Buddakan is an Asian-Fusion restaurant, with its original location in NYC, and a welcome second location in Caesars Palace (Atlantic City, NJ). The restaurant itself is located in what seems like a recently added upscale extension to Caesar palace. The dimly lit interior is a modern mix of Asian influence with a trendy NYC vibe. As you walk in you immediately notice the enormous long table in the center of the dining room, with a giant gold Buddha statue over top the end of the table. There are several private dining areas located around the main dining area as well as an upstairs.
We started off with a couple of the restaurants specialty cocktails ($11.5 each). The Fortune, featured Stoli orange vodka mixed with house-prepared passion fruit and pomegranate juices – a bit “girly” but still good none the less. I ordered the Bonsai, which is Buddakan’s rendition of a mojito. In place of mint, the cocktail was muddled with cilantro, which was surprisingly tasty and refreshing.
By the time our cocktails were ready, so was our table. Our server, who was very knowledgeable of the entire menu, advised us to order the infamous edamame ravioli. The stuffing was comprised of a velvety mixture of edamame and what I thought was mascarpone cheese, with handmade pasta dough. The plump ravioli was served in a delicate broth with steamed edamame and micro chives. The starter was truly something special; I haven’t seen edamame used in such a creative and appetizing way before. Our waiter advised us that Buddakan’s restaurant concept encourages sharing the dishes “family style”, yet she mentioned that the portions were not family style – a bit of a gimmick. As a table we ordered the cashew chicken, kung pao monkfish, char-grilled aged beef, San Bei basil chicken hotpot, and an order of crab fried rice. The entrees came out in a staggered fashion, with the beef being the first to arrive. The beef was aged NY strip and was already pre-sliced (not ideal), but still nicely prepared and very delicious. The dish came with a mountain high serving of fried potato sticks, which we definitely could have done without. The Kung Pao monkfish was also one of the more memorable items of the night. The dish came with three nicely fried pieces of monkfish, which was then lightly dressed with bean sprouts, celery leaves, scallions, peanuts and a sweet/spicy glaze. The monkfish had a texture similar to lobster and was nicely accentuated by the other aromatics on the plate.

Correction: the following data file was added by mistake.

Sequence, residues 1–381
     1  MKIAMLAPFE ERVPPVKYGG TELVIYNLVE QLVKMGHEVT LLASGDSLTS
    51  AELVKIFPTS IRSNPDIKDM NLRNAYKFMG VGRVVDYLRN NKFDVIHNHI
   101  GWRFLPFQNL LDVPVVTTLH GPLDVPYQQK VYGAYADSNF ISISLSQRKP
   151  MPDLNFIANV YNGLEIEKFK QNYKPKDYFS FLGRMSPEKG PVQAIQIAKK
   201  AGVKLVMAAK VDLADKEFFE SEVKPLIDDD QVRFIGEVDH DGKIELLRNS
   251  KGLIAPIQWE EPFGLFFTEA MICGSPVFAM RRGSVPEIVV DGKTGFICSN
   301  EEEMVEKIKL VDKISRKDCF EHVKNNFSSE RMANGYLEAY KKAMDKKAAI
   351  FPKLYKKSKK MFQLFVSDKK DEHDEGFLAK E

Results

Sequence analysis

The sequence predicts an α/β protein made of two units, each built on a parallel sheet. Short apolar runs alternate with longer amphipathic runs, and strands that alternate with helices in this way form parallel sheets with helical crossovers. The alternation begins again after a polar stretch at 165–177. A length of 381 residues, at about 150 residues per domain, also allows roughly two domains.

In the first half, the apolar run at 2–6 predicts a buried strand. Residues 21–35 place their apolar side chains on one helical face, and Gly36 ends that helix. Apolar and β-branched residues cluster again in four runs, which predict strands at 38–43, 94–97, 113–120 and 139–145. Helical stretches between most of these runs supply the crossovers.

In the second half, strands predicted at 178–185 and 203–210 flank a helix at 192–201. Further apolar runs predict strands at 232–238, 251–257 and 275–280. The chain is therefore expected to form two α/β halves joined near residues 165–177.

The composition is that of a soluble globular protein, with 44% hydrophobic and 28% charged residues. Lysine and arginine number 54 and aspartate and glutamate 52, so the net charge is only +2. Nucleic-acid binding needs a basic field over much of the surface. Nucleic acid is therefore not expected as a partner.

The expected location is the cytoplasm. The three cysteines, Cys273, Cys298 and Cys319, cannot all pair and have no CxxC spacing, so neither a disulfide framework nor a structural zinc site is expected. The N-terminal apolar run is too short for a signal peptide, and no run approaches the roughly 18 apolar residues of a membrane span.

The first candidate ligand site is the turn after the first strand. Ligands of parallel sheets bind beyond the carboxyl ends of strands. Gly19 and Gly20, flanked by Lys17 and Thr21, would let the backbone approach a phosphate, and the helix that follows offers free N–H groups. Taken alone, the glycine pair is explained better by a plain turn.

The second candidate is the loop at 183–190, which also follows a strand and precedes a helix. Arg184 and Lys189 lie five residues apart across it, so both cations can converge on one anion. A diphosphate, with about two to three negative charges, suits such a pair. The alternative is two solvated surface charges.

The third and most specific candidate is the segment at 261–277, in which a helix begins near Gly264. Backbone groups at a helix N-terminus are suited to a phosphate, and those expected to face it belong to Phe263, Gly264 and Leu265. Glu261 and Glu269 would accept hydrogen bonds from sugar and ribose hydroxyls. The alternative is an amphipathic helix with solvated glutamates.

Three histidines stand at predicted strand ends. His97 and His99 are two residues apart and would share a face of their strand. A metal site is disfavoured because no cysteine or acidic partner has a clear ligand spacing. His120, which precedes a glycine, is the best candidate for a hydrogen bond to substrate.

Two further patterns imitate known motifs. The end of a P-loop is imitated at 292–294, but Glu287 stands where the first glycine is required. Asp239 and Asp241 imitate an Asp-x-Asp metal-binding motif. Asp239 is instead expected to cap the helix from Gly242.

Both of the other chicken dishes were very tasty; however, they were a bit more run of the mill in terms of creativity. As a table we decided to order crab fried rice, which was a perfect accompaniment with everyone’s meal. The rice was seasoned primarily with herbs and spices, as opposed to sauces, leaving the fried rice with a more natural color. The star of the rice was the colossal pieces of jumbo lump crab. We were each pleasantly surprised to see how much and the size of the crab that was in the rice. We finished our meal with zen-ful donuts and the Vietnamese chocolate cake. The zen-ful donuts were lightly fried pillows of dough with banana cream inside, not one of my favorites. The Vietnamese chocolate cake was absolutely delicious though and definitely compensated for the lacking donuts. I’m not exactly sure why the cake was considered Vietnamese; nonetheless it featured several layers and textures of chocolates with an iced coffee ice cream. Both the cake and ice cream were to-die-for.
Our meal at Buddakan was very memorable, both for the food and the good company. From start to finish, the food and service was very impressive. As I write this review I am still thinking about some the dishes consumed that night. One thing is for sure, I look forward to eating at Buddakan again soon.